Tags: inflation | economy | investors | trump

Investor Fate to Pivot on Trade and Politics in 2017

Investor Fate to Pivot on Trade and Politics in 2017


Friday, 23 December 2016 05:38 PM Current | Bio | Archive

2016 has turned out to be an interesting year. 2017 promises to be the same.

There was a great deal of idle chatter about the new normal of the post-financial crisis world.

It turns out that it is more likely to be the new abnormal. This is not a recasting of past trends with perhaps a somewhat lower growth rate and a somewhat less prosperous feel.

This is a more chaotic environment where past norms offer little to no direction for the future.

So, what should investors consider in 2017?

The first issue has to be politics. The rise of the political economy has been in train for some time. The mathematical certainties of the models of the 1970s have long since given away to a more realistic approach. However, we should not get carried away by the political noise.

Politicians are not nearly as important as they think they are. Economists are as important they think they are, but that’s because nearly everything comes down to economics in the end.

The influence politicians have on economics is rarely immediate, with very few exceptions. Most of the political noise is just that, noise, in the short term at least.

Politicians can influence the longer term. No economist seriously thought the U.K. would be plunged into recession by the U.K.’s referendum result this year, but it will influence U.K. trend growth. Donald Trump’s plans for the United States are very unlikely to change the near-term outlook, because they will not be implemented quickly enough, but the long term growth of the United States will be impacted.

Similarly, the political noise in Europe in 2017 is likely to be more long-term than cyclical in the main.

One area where there can be more immediate impact from politics is trade. Largely because Trump does not have to refer to Congress to be a full-blooded protectionist. The tone of the appointments that have been made on trade is not especially promising.

However, we should remember that the global model of trade that has developed over the past 25 years was ending anyway. Longer and longer supply chains have being reversed as capital for labor substitution comes in. That does mean that stagnation or even the reversal of globalization will not produce a jobs bonanza in the developed world. It will create some low skilled jobs, but the labor of Asia is more likely to be replaced by the capital, not the labor of the OECD.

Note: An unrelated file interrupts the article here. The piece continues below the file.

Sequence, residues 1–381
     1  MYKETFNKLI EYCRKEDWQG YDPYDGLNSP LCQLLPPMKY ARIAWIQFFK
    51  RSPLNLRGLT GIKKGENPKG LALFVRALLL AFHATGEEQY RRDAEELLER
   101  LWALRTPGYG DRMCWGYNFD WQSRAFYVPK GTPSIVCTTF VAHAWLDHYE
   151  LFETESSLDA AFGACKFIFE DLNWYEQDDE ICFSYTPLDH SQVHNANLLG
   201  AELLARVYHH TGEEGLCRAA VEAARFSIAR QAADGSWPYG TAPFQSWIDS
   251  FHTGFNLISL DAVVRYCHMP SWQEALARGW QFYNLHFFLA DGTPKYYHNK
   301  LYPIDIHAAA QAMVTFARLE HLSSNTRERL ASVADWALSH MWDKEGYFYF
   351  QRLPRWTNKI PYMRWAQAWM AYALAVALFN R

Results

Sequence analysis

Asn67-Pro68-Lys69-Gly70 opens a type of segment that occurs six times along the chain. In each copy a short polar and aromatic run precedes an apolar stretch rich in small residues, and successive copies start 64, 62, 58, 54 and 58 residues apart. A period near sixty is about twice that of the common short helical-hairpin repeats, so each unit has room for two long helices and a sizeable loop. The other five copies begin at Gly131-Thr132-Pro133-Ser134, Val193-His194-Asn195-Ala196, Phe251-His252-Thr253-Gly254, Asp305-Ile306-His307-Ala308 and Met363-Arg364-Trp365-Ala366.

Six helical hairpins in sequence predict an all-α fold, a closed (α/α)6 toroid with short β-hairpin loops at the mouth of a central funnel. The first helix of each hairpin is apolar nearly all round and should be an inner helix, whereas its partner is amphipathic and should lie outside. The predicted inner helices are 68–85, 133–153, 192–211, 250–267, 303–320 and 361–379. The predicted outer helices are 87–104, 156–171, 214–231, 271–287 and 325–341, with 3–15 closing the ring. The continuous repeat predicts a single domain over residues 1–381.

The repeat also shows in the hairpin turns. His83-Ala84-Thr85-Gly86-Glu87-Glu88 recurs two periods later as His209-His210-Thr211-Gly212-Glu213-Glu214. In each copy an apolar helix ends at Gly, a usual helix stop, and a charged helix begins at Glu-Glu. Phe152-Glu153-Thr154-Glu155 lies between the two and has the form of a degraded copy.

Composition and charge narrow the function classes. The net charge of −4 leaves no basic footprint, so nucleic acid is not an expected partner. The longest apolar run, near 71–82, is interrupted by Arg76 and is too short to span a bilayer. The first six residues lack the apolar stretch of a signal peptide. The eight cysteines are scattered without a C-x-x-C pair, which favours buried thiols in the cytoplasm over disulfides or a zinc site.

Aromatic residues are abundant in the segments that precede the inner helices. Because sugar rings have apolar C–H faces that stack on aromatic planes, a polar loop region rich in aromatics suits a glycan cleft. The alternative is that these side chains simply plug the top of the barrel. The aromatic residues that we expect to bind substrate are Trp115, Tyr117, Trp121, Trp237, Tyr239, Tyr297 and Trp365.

A potential force for trade tension does heighten the vulnerability of the U.S. dollar.

Protectionism is unlikely to reverse the U.S. current account imbalance and U.S. stimulus could well increase the U.S. current account imbalance.

The U.S. becomes more and more dependent on foreign capital inflows. At the moment, the United States needs around $2.7 billion dollars of inflow every day. Not to raise the value of the dollar, but to stop it from collapsing in free fall. That is, to put it in context, more than the daily GDP of the Netherlands.

As global savings rates decline, there is a tendency to sell dollars. When people save, they tend to prefer U.S. assets. When people shop, they tend to prefer European goods and services. If the world is more likely to spend than to save, then the world is more likely to buy euros than to buy dollars. And this is before we even consider the issues of protectionism and retaliation of some of the world’s largest holders of dollars, which is of course China.

Finally, inflation: Inflation is back as a topic in 2017. This is partly because the oil price normalization will reveal that inflation never actually went away.

Beneath the oil effects, most inflation rates are running at normal or near-normal, but partly it’s because where inflation rates do start to rise, it is likely to be because of higher prices for the sorts of things where people notice higher prices. Inflation becomes more visible, in short. And with the media picking up on that, we’ll likely to get more popular chatter about inflation and with that more of a focus from investors.

Remember, however, inflation is still primarily a labor market and therefore local issue. There will be variations around the world.

So, 2017 promises to be an interesting year. One which will keep economists busy and hopefully and relatively gainfully employed.

Etienne "Hans" Parisis is a bank economist who has advised global billionaires and governments on the financial markets and international investments.

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2016 has turned out to be an interesting year. 2017 promises to be the same.
inflation, economy, investors, trump
Friday, 23 December 2016 05:38 PM
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